The Ticket

For ‘Blue Ridge,’ is all this a just anger, or just anger?

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Sometimes a little bit of design can go a long way.

The set that greets us as we enter the Linda Gross Theater at Atlantic Theater Company to see playwright Abby Rosebrock’s “Blue Ridge” is both familiar and dreadful in a way — and perfect for the task. If you find yourself longing for a whiff of stale coffee at the old church hall, then raise your Styrofoam cup to toast designer Adam Rigg’s execution, and pull up one of those clunky folding chairs.

The décor seems “multipurpose room.”

We are in a halfway house, and all the associations apply. Strangers live here. This is shelter and limbo, a way station for permanent problems and temporary solutions. Lives are suspended, literally. There is bravado and vulnerability in constant swirl.

A set of curtains holds back the day, and hints at the North Carolina countryside beyond. The director, Taibi Magar, wisely saves the full view for the final scene, where the freedom of the world outside beckons, but only as an unlikely refuge for the characters who struggle on both sides of the glass.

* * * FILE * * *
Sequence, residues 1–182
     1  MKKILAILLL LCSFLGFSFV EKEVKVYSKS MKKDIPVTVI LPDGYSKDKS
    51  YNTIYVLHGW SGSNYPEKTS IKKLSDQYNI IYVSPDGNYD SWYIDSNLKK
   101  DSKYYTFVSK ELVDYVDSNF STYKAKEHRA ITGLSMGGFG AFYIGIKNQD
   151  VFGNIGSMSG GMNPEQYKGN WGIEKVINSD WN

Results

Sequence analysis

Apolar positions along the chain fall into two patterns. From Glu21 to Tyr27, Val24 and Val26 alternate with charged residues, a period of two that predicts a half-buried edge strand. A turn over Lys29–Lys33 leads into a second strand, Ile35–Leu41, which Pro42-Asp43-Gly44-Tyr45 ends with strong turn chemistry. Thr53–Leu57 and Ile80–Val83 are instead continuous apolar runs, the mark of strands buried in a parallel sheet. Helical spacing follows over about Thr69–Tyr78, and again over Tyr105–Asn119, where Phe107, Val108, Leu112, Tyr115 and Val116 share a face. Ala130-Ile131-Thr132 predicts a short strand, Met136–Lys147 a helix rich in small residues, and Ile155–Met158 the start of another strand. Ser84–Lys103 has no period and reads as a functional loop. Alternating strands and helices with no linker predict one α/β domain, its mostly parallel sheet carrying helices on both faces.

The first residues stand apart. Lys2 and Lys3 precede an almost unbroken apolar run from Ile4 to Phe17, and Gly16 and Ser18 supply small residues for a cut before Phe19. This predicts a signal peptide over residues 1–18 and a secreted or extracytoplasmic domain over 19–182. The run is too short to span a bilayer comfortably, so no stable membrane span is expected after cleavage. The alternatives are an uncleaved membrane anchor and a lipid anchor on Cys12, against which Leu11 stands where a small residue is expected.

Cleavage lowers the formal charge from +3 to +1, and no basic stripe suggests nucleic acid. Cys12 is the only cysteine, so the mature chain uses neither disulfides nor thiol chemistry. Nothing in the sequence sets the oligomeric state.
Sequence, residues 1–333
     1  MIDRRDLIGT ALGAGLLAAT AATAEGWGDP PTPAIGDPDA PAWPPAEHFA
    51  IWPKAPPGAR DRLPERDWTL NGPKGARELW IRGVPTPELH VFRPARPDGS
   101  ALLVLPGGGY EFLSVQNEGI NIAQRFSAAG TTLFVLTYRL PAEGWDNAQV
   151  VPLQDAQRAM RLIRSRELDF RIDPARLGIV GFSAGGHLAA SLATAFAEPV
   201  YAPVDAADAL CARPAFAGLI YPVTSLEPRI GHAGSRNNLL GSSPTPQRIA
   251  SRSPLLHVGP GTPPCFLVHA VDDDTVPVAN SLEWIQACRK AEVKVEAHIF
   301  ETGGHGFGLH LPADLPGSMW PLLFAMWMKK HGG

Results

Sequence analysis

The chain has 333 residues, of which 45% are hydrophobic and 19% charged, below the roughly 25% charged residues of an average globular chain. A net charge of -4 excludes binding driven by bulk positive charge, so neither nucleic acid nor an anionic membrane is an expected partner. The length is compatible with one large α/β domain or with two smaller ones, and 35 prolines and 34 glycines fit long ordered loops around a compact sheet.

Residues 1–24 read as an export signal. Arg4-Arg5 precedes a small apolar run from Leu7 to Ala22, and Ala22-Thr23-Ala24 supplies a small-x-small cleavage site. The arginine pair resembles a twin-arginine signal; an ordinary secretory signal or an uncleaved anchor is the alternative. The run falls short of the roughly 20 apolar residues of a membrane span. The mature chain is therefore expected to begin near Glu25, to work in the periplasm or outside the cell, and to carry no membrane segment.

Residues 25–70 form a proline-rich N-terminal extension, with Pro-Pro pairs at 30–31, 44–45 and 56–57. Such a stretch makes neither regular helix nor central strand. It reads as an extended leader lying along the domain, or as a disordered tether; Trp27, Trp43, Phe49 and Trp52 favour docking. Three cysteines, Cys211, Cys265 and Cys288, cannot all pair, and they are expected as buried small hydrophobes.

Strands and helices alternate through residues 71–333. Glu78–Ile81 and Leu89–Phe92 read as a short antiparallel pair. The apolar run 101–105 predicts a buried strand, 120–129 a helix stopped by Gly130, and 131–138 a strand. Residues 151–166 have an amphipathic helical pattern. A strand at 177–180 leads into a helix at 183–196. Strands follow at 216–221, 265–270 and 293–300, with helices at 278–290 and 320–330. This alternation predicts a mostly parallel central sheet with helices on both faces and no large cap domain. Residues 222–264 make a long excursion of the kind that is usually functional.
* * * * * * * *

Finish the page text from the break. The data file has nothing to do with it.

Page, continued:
The personal barriers to productive social behavior are always in focus in this play. These characters live on the edge of conquering their issues. The actors heed the call, and etch deft portraits of dysfunction.

The action centers on Alison (Marin Ireland), a teacher biding her allotted time after an act of rage.

Alison has a problem with her temper. Everyone agrees on that, and her relationships with the staff and her fellow residents tilt into new territory after a mission of mercy backfires.

In a clever twist on “Me Too” dynamics, “Blue Ridge” opens up dilemmas of friendship and personal agency that shake the foundations of all the regulars in the day room. The innocent, the challenged, and the challenger all face a heavy toll. Answers do not come easy here.

And that fits. Alison sets out to confront the demons of our day, and the forces that determine victimhood. She has good reasons to be angry. And with race and desire in the mix — and religion to spice up the brew — Rosebrock stirs “Blue Ridge” carefully, and dishes up a nifty course of payback.

Ireland plays Alison with a mesmerizing case of the jitters — speedy and quirky, and talking a mile a minute. Kristolyn Lloyd, Kyle Beltran and Peter Mark Kendall play her day room cohorts, each with a particular challenge, each one destined for a showdown with Alison. Nicole Lewis and Chris Stack play the host professionals, a duty that also intersects with Alison’s fierce will.

The fireworks, which do come, are stirring enough, although the journey to get there suffers from an early onset of low-wattage exposition. Then again, maybe it’s that veteran sofa, witness to a thousand noontime group sessions. Perhaps an open window might liven up the daily routine.

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